Life for Angie Watts used to be so good: she had a loving husband, three adored children, Liam, Grace and Zac, and a beautiful home. Then, whilst still at primary school, Liam, her sensitive, vulnerable eldest child became involved with a bad crowd from a local, rough estate and started taking drugs. Whilst Angie and her husband Steve tried their best to steer him away from these bad influences, their gentle son gradually became almost unrecognisable and they found themselves unable to combat the manipulative power of the gang culture. Steve’s patience finally snapped when he discovered their youngest child, five-year-old Zac, with a syringe in his hand. He stormed out of the house, determined to track down Liam, and other members of the gang, and turn them all in to the police. This decision leads to his murder and will have far-reaching repercussions for the rest of the family as Angie struggles to cope in the aftermath. Having refused to allow Liam back home immediately after Steve’s murder she now has no idea where he is but, full of regret about her rejection of him, and determined to hold her fractured family together, she remains tireless in her efforts to find him. She is made redundant, struggles to make ends meet and, in spite of selling treasured belongings, falls deeper and deeper into debt and eventually faces losing her home. Grace, wanting to do something to earn money to ease her mother’s problems, exposes herself to danger when she looks for help in the wrong place.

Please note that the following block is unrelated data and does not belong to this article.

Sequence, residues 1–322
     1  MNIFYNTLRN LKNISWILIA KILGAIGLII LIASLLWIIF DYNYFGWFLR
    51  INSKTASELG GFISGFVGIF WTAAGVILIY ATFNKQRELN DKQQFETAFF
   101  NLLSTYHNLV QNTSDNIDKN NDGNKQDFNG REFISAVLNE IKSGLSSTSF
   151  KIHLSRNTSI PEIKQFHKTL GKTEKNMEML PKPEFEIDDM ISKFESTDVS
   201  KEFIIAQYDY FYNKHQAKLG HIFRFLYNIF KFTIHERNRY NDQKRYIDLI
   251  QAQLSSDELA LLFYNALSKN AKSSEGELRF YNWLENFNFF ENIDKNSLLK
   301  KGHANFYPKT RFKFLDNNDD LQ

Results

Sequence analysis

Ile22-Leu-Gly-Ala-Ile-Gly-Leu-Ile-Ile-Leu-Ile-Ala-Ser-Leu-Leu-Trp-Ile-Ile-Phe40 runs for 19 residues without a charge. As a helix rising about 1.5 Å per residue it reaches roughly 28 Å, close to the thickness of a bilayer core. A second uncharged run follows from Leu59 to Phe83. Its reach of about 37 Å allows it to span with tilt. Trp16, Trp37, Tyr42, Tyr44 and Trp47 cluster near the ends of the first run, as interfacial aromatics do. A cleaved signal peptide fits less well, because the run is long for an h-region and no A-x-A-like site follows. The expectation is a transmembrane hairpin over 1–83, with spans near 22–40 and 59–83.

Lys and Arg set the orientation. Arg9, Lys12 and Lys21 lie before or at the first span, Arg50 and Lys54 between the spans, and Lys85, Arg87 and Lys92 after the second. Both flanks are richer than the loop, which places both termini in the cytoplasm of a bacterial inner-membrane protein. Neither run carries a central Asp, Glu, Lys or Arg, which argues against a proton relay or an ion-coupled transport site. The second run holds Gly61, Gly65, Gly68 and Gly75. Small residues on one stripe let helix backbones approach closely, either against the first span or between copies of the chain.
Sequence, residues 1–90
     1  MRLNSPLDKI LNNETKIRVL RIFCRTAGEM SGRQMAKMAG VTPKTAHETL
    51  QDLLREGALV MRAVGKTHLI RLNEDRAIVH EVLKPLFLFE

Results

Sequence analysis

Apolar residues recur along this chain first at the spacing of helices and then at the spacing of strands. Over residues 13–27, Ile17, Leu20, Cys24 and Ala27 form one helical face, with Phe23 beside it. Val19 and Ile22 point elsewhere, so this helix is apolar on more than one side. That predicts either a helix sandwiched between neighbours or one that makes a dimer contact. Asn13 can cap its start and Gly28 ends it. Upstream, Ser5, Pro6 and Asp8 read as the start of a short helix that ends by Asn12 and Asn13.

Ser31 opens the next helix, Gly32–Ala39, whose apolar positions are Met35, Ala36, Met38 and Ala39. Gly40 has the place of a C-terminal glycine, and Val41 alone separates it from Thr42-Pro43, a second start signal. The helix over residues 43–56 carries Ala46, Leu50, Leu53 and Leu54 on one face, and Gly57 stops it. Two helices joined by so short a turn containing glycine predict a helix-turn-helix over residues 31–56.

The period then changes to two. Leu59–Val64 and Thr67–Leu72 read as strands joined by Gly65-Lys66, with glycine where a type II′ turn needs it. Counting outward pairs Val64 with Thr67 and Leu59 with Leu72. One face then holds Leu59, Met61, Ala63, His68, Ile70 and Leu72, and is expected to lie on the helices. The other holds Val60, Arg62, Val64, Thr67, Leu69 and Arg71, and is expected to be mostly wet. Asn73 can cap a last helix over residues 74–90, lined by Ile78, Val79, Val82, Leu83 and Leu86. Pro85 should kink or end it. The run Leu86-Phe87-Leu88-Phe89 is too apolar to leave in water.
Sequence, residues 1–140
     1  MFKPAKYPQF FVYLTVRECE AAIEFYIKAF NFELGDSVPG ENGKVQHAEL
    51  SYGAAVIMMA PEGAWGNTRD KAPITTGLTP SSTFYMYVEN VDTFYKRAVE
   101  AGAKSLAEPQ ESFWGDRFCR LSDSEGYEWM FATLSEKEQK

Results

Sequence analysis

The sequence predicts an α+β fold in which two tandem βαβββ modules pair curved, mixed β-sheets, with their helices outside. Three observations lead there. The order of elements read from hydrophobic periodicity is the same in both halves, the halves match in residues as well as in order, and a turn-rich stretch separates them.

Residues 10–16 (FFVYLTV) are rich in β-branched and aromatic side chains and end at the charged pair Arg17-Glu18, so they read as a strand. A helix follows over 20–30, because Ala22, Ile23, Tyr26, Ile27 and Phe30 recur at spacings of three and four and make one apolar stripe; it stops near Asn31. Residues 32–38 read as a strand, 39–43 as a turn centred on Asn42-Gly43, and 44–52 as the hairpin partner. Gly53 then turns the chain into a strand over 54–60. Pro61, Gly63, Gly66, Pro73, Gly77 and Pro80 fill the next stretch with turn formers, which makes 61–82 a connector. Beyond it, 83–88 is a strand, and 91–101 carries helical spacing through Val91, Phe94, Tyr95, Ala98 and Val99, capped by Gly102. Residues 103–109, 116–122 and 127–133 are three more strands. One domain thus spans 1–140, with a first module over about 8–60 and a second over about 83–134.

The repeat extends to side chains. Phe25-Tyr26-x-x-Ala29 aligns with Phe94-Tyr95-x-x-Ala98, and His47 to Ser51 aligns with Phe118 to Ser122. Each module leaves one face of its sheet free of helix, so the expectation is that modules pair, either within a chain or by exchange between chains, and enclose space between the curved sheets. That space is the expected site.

This story explores how easy it is for an apparently stable family to start to disintegrate following a major crisis. Angie, the main character, is a loving mother, determined to do her best for her children and to keep her family together but this doesn’t prevent her from falling victim to spiralling debt and an increasingly desperate feeling that, in spite of all her efforts, her life is running out of control. Although there were moments when I felt irritated by her ostrich-like tendency to ignore the implications of her mounting debts, the story did demonstrate that there are huge problems with the way in which the benefit system works, problems which all too often contribute to driving hard-working families into increasing debt.

The storyline incorporates many of the challenges which affect contemporary society. These include the pernicious influence of county lines gangs which infiltrate small communities, preying on vulnerable young people and introducing easy access to drugs before turning them into either addicts or couriers, or sometimes both; the lack of suitable accommodation available when families become homeless; struggles with mental health; pay-day loans; human trafficking and internet grooming via social media.

Although there are many ways in which I found this to be a well-written, well-researched and thought-provoking story, and think that the author created characters it was easy to feel some empathy with, I ended up feeling rather dissatisfied. I think this was mainly because, given the dark nature of some of the themes explored, some of the resolutions felt far too neatly resolved and “fairy-tale” for my taste. However, I think the book would provide some interesting topics for reading group discussion.

Linda Hepworth 3/4

Home Truths by Susan Lewis
HarperCollins 9780008286781 hbk Aug 2019